The Best Coffee, the Ethiopian Way

Royal CoffeeI joke about the fact that I would not make a good celebrity. I have no want for doing drugs. Drinking is not something I indulge to embarrassing excess. In the current day and age, sleeping around is a dangerous game of roulette. And I am not one for opening up my mouth and speaking in a stream of consciousness. Ah, but I love to eat. Paparazzi would grow tired of waiting in front of restaurants to snap photos of me partaking of some delectable dish. Tabloids would say that Gino eats constantly but somehow manages to maintain his athletic physique. His life is boring. Doesn’t the man do anything worthy of tabloid fodder?

The answer is NO!!!

Iced Coffee

Iced Coffee

A month ago I had gone to an Ethiopian coffee-house in Chicago’s Rogers Park. Because I was only passing through then, I wanted to return for a proper sit-down. I remembered how outstanding the service was. I also recalled how mouth-watering the food was that I had ordered for take-away. The temperatures in Chicago had been chilly, so I had spent most of my days inside. But with a mild reprieve from the nippy temperatures, I wanted to pander to my vegetarian palate. There is no way that you can go wrong with Ethiopian food.

It was back to Royal Coffee at 6764 N. Sheridan Road for my moment of food reckoning. The manager recognized me when I returned. She was sitting with a friend, engaged in conversation before looking up and greeting me. There are countless restaurants where I have gone on ongoing basis only to be greeted as though it was my first visit or as if I had painted graffiti on the front door. But at Royal Coffee I got a “hello” that made my trip worth more than its weight in gold and I had not even placed my order.

Vegetarian Plate

Vegetarian Plate

With the weather being nice, I ordered an iced coffee with milk and a vegetarian plate. Ethiopian coffee is strong and having milk added only takes the bite out of it a little. Strong and good are the only two descriptions that I can use to describe the coffee as I am sure the spirit of Juan Valdez is not appreciative of my shameless plug for how much I enjoy Ethiopian coffee. After a few minutes of reminiscing about my old neighbourhood, the food came and I snapped back into reality. The spiced spinach, yellow lentils, red lentils, and the potatoes and peas served up with injera bread were outstanding. Each dish came in individual bowls and after I had unrolled the injera bread and spooned each on to the bread, I was ready for action. With each bite I had all I kept thinking was Wow! I have been to almost every Ethiopian restaurant in Chicago and find it hard to say which one I love the most. Now Royal Coffee makes it that much harder. Because I love spicy food, I ordered the vegetarian plate with kick and it was quite evident when I could feel heat rising from my scalp. Yes! Yes! Yes!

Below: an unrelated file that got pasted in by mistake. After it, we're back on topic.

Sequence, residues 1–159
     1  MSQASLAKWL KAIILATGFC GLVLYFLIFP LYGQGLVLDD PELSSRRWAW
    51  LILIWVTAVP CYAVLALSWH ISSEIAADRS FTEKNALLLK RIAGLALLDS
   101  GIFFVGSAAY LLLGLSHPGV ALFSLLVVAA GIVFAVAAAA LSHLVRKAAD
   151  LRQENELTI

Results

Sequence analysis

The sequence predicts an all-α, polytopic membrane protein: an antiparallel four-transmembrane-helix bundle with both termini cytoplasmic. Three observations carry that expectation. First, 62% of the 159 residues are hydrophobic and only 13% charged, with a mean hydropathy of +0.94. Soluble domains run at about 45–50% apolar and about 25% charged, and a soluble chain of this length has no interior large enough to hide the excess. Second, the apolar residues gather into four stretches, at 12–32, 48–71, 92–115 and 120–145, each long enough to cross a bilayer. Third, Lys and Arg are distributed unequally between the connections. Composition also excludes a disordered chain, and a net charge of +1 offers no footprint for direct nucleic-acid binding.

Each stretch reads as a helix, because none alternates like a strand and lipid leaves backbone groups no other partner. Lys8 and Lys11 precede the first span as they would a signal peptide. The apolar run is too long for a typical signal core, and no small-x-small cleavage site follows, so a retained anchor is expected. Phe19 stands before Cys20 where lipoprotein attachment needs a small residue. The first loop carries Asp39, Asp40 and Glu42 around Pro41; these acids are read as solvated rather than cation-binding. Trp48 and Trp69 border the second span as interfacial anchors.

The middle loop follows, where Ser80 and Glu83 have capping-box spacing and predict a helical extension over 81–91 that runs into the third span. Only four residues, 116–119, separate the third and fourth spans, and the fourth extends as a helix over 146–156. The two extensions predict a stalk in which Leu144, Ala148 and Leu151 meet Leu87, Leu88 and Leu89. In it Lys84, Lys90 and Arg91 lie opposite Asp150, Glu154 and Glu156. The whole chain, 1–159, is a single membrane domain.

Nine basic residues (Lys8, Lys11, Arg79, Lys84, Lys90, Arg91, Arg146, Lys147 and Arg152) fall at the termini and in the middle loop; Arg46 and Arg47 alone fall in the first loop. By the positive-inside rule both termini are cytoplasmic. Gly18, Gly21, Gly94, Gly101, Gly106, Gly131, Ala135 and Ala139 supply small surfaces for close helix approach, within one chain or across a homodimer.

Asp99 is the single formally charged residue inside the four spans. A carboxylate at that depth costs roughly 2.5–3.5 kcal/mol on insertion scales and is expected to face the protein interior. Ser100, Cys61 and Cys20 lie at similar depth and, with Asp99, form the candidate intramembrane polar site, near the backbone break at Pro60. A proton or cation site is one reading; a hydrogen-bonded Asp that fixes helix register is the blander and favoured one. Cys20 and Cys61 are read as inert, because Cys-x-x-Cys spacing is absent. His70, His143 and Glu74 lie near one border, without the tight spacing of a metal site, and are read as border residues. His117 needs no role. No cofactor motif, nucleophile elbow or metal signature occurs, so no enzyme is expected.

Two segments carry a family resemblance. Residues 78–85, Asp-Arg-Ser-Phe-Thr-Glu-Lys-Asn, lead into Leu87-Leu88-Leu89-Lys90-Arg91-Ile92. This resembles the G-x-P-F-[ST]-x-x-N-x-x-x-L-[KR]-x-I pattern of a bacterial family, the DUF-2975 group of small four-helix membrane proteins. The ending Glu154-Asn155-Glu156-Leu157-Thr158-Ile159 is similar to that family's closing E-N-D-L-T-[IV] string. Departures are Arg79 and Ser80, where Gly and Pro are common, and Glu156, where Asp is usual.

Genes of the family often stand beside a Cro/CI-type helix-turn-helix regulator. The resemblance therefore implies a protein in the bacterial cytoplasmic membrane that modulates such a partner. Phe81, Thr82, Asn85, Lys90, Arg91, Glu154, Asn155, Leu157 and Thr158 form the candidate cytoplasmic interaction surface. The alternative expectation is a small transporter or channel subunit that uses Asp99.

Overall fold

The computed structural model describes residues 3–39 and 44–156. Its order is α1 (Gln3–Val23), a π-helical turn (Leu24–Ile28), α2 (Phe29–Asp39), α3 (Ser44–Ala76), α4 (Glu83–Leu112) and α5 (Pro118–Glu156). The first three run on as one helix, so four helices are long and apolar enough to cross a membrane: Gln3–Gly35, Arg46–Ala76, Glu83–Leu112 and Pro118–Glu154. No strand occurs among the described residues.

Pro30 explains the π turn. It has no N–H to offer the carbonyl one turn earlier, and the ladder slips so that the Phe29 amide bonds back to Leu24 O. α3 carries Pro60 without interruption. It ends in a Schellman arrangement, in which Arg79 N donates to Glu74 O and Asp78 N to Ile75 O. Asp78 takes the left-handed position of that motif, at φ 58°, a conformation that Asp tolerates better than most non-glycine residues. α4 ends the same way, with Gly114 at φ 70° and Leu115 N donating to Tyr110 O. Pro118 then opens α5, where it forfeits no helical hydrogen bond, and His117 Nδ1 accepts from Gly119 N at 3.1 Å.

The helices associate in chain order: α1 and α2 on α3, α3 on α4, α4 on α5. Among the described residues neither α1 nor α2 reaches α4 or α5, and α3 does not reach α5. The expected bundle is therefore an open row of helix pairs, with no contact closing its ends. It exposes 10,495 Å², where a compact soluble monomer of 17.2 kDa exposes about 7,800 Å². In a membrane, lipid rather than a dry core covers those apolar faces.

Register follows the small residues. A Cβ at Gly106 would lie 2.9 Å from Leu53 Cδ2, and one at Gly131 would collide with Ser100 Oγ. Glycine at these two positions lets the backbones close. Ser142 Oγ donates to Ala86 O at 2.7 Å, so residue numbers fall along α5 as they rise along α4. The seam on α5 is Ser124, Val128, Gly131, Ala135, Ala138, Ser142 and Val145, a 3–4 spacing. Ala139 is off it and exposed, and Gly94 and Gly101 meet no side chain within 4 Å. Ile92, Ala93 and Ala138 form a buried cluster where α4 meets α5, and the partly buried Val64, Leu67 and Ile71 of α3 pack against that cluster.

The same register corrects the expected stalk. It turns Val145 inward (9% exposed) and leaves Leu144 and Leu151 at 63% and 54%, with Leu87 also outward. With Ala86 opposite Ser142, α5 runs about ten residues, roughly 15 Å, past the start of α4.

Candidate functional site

Napoleon

Napoleon

I had my usual out-of-control appetite because I finished the entire vegetarian plate. It was practically for two people, yet I polished it off solo. Now that would have been a tabloid feature — celebrity Gino ate a sizeable plate of an Ethiopian dish and then ordered something else. The something else was dessert. Most Ethiopian desserts are full of nuts and while I don’t have a nut allergy, I have no love for the taste of nuts. I do smile when I see chocolate, though. So I had a Napoleon. The flaky crust, cream filling, and chocolate topping were well worth filling the room I saved in my belly. Oh how I enjoyed forking that rectangle of goodness into my mouth.

Cafe au Lait and Butter Cookies

Cafe au Lait and Butter Cookies

My former roommate had mentioned that she was in the area, so I sat and waited for her. While waiting, I had a large cup of cafe au lait with some homemade butter cookies. I have gotten to the point where I take my coffee without sugar. I was almost certain that I would need some sugar because Ethiopian coffee is so strong. Still, I required no sugar. I am convinced that Ethiopian coffee is made from a superior bean or the roasting method at Royal Coffee is remarkable. As to the cookies, bakeries that bake butter cookies that turn out to be compact sugar should have a few of the lovelies from Royal Coffee and correct their recipes accordingly. The cafe au lait and cookies were a perfect match.